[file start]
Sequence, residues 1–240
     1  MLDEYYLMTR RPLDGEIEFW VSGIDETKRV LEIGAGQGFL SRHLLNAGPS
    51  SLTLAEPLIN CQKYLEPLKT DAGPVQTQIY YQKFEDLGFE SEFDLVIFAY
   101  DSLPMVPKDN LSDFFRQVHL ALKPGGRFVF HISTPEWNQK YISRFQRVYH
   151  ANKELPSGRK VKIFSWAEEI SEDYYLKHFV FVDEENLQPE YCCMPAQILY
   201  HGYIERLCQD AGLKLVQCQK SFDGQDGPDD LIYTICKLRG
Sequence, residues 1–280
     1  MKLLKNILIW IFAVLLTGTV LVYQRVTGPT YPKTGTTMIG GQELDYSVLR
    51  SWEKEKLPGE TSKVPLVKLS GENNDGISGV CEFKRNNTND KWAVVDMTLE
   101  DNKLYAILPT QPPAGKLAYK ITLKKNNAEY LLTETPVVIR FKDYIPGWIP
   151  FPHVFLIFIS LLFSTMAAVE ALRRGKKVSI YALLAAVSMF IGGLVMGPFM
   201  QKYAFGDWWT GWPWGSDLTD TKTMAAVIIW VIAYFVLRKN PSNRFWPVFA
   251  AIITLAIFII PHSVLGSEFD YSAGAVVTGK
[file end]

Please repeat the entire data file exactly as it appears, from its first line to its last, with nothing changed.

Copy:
Sequence, residues 1–240
     1  MLDEYYLMTR RPLDGEIEFW VSGIDETKRV LEIGAGQGFL SRHLLNAGPS
    51  SLTLAEPLIN CQKYLEPLKT DAGPVQTQIY YQKFEDLGFE SEFDLVIFAY
   101  DSLPMVPKDN LSDFFRQVHL ALKPGGRFVF HISTPEWNQK YISRFQRVYH
   151  ANKELPSGRK VKIFSWAEEI SEDYYLKHFV FVDEENLQPE YCCMPAQILY
   201  HGYIERLCQD AGLKLVQCQK SFDGQDGPDD LIYTICKLRG
Sequence, residues 1–280
     1  MKLLKNILIW IFAVLLTGTV LVYQRVTGPT YPKTGTTMIG GQELDYSVLR
    51  SWEKEKLPGE TSKVPLVKLS GENNDGISGV CEFKRNNTND KWAVVDMTLE
   101  DNKLYAILPT QPPAGKLAYK ITLKKNNAEY LLTETPVVIR FKDYIPGWIP
   151  FPHVFLIFIS LLFSTMAAVE ALRRGKKVSI YALLAAVSMF IGGLVMGPFM
   201  QKYAFGDWWT GWPWGSDLTD TKTMAAVIIW VIAYFVLRKN PSNRFWPVFA
   251  AIITLAIFII PHSVLGSEFD YSAGAVVTGK